Nah, they are not that many. For sure, you have noticed it as well. The subscription-based model in the fashion industry remains lacking. They are quite sporadic and limited and still have a huge room of opportunities to explore.
If you are in this line of business (clothes, shoes, accessories, fine jewellery and want to explore a different revenue stream, hit us up for a free live demo. 👌🏻
Baby goods Subscriptions
Doing Really Good Baby Goods
Millennials are shamefully monikered the Boomerang Generation—their financial insecurity made them crawl back to their parents' space—and Trophy Kids—simply showing up was an accomplishment.😏 Still, they surprisingly grew up well, got jobs, and became parents themselves.
Their awareness of sustainability and climate crisis mould their choices when shopping for their kids' needs.
As the world becomes more and more digitized, it's important for retailers and brands to connect with consumers in a way that feels authentic and human. And what better way to do that than by offering sustainable or environmentally friendly apparel? According to Monitor™ data, nearly six in ten (57 percent) millennial moms say they would be more loyal to a clothing brand that offers sustainable or environmentally friendly apparel and a line of baby goods products.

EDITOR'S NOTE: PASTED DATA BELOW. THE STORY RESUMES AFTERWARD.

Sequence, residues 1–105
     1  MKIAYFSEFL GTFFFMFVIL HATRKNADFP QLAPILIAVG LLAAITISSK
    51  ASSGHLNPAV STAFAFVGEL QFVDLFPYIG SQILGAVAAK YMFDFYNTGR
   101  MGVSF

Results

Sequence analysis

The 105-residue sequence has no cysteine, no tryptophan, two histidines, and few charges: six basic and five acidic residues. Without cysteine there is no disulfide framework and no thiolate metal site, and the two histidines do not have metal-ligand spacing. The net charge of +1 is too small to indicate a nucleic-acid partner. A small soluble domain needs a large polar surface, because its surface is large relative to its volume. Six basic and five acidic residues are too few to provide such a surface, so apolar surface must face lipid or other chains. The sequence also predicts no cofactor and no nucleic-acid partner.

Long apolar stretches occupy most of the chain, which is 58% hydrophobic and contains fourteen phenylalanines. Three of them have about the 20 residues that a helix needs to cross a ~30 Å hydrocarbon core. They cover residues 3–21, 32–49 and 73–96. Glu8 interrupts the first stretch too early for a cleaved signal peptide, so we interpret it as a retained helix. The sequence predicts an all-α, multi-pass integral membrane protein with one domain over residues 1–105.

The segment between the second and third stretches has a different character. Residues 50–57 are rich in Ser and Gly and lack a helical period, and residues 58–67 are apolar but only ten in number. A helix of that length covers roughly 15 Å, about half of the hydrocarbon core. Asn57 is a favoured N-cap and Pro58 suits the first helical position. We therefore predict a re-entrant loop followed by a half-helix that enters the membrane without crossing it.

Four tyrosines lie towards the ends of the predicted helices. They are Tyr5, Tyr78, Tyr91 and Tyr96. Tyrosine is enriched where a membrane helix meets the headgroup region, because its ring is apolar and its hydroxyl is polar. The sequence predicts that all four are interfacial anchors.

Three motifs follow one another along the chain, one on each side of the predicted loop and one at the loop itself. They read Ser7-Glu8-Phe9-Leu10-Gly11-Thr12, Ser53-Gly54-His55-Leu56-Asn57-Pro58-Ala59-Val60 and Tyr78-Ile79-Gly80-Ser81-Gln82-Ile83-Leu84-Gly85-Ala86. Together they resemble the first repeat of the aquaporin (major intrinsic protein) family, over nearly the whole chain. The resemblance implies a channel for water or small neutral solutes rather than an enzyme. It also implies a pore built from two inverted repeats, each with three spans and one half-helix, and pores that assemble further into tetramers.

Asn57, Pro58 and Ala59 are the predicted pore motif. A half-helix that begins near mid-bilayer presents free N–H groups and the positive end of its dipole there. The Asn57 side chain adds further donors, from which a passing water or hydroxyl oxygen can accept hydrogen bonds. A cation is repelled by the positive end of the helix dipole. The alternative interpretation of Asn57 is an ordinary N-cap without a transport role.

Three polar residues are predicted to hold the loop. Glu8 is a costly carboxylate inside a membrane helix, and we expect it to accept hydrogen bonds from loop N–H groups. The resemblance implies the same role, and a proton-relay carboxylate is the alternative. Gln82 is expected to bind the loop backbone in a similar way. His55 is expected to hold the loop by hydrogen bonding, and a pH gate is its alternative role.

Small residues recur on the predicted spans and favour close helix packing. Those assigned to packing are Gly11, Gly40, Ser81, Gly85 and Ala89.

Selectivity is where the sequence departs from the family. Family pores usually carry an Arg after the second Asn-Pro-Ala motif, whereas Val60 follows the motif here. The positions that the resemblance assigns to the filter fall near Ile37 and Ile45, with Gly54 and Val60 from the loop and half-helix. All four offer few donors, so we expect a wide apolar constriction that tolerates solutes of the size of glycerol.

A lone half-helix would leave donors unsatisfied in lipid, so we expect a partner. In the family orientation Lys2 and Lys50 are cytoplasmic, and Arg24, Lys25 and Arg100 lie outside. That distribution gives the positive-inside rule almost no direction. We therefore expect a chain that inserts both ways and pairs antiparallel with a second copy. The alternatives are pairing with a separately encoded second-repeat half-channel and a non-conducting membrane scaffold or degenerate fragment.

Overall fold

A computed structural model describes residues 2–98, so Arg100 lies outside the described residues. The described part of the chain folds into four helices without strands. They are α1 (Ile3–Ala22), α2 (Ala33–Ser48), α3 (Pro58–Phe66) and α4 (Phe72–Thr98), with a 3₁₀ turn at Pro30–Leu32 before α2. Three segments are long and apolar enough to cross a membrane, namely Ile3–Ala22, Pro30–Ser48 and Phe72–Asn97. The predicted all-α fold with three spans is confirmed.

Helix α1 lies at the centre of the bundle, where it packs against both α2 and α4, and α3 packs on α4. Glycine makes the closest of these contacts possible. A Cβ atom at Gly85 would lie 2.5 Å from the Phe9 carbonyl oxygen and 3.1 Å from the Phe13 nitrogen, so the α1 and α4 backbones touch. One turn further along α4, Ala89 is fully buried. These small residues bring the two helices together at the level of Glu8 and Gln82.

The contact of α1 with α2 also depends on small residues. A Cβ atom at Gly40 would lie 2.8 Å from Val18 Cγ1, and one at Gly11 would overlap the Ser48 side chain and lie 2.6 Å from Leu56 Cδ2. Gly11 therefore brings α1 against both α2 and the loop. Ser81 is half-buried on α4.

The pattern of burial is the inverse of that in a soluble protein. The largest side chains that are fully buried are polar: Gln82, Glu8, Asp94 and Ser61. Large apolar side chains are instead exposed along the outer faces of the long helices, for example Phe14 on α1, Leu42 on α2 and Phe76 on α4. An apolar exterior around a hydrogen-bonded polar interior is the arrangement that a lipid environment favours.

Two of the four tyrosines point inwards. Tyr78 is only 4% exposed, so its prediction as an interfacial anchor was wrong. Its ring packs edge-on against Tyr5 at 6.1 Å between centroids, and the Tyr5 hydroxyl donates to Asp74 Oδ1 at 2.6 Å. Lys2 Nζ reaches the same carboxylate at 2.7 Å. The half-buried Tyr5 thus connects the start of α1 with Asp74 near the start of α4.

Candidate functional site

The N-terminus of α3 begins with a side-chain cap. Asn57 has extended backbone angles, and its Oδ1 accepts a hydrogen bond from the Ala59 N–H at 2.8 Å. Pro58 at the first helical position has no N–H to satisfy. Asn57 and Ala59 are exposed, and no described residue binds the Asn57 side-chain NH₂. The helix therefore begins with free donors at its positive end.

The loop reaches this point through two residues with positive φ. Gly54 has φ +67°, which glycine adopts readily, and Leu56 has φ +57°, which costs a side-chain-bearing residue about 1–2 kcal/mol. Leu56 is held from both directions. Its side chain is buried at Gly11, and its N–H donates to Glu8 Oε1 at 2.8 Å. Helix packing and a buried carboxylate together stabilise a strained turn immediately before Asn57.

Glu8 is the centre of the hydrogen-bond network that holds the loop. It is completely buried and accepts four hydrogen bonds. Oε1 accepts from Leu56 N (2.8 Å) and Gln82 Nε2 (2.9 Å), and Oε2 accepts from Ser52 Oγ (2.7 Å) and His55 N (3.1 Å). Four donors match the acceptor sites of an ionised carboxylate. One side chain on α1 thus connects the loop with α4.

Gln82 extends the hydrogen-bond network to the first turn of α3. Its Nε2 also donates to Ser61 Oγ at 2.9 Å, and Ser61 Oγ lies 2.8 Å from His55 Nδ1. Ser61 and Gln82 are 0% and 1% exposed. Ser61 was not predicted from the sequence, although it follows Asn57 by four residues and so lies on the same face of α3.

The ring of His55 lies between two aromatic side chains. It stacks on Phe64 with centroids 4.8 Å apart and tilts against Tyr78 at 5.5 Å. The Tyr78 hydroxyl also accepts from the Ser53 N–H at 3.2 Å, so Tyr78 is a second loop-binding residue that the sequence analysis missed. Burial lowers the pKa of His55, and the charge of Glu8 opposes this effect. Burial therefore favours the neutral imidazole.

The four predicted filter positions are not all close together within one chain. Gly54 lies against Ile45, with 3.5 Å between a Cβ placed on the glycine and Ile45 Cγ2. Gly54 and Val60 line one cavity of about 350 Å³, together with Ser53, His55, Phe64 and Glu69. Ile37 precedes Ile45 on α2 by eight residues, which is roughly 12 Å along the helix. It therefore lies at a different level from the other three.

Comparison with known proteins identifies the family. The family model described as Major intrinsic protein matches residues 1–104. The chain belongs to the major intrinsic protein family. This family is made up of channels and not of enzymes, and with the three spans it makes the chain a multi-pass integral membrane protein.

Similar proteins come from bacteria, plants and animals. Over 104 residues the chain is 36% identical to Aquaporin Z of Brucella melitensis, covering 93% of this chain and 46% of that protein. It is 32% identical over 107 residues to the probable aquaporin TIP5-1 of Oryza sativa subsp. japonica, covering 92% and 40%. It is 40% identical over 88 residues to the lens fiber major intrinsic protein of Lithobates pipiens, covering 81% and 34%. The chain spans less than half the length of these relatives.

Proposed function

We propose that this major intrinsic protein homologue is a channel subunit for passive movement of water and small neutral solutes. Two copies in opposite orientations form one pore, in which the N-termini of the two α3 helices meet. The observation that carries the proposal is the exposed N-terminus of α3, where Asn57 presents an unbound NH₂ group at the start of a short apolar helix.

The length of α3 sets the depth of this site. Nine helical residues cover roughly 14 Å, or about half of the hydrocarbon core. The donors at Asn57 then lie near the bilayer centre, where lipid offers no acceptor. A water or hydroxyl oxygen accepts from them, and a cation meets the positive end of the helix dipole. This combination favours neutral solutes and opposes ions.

Any Baby Goods Doing Subscription Already?
The list is getting happier by the day.
Loop Baby: Baby Gear (San Francisco, USA)
Babonbo: Baby Equipment Rental (EU)
Hulaaloop: Baby clothing rental (NL)
Bundlee: Baby clothing rental (UK)
Circos: Kids & maternity clothing rental subscription service (NE)
The Little Rental Company — Organic baby clothing rental (UK)
Stokke: Partnered with circuly
StrollMe: Partnered with circuly
What's the implication of this for your baby goods business?
Every two to six months, baby and young children (3 years and below) clothes and equipment need to be replaced—they outgrow their clothes, furniture, and equipment ever so swiftly. New parents' favourite line: babies grow so fast.
The linear and conventional way is to shop for cheap, unethically laboured-in-developing-countries clothes and gears. But. As we have mentioned above, modern parents are way more sustainable and environmental with their purchasing decisions. Questions they ask among themselves—What's the goods' life cycle? Where is it from? Is it sustainably sourced?